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Sunken Ancient City off Abu Queer Coast

A joint Egyptian-French archeological mission discovered a city dating back to the Hellenic era (300 BC) on the Mediterranean seabed, not far from Alexandria.

This old city lies to the eastern side of Ras Zefroun (Zefroun Promontory) four kilometres off Abu Queer Coast.

According to historians, this city had originally housed two suburbs namely; Menotous and Heraclume.

The first suburb (Menotous) was the worshipping site of the highly revered godess Isis, whereas the god Hercules was worshipped in Heraclume.

The last two years of excavations have led to the discovery and salvage of five carved statues, representing the heads of a number of kings, and Hellenic and Roman officials, in addition to gold coins, jewellery and four columns, each four metres high.

Among their archeological findings, were also three parts of a rare holy altar called Nawos, the seat and foundation of the god's statue inside the temple.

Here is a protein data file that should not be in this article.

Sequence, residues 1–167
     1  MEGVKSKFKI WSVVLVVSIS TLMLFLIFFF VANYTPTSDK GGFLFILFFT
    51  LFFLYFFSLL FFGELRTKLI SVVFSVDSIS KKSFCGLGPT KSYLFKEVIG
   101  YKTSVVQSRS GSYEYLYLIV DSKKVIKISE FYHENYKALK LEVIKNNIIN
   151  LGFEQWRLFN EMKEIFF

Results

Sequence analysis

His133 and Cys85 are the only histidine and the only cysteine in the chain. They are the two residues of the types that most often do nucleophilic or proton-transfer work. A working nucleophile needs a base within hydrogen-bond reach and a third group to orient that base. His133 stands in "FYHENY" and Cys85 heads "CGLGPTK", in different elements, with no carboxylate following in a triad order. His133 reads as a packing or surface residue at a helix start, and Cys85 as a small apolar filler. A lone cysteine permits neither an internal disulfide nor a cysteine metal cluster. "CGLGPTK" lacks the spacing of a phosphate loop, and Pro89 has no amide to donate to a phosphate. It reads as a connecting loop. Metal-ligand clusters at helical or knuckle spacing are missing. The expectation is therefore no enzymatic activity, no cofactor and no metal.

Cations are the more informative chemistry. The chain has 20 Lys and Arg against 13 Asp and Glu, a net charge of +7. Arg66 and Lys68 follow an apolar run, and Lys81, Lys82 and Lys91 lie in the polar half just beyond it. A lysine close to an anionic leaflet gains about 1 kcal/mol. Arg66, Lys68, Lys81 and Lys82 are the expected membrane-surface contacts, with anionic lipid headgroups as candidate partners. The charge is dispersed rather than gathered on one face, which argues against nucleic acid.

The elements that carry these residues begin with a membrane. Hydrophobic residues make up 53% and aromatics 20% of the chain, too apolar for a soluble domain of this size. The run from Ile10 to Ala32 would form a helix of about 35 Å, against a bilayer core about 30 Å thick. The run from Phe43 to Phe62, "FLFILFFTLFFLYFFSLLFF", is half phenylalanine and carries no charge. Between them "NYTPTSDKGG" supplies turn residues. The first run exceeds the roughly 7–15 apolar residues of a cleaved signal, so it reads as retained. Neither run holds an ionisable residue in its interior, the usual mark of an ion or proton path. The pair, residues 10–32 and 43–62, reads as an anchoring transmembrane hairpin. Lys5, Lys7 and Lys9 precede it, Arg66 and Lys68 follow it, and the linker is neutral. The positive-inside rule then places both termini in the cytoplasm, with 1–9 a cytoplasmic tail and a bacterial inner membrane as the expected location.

The engravings and inscriptions on the artefacts are related to astronomy, thus consolidating the theory that the Ancient Egyptians were the first to learn about astrology.

Moreover, the mission found ruins of buildings, which may have formed parts of temples or palaces and some temple columns in addition to incomplete parts of sphinx statues.

Hundreds of archeological pieces are still believed to be under water. Foremost among them are stony masses with Hieroglyphic inscriptions dating back to the 26th and 30th dynasties.

A number of golden coins dating back to Byzantine and Islamic eras were also found.




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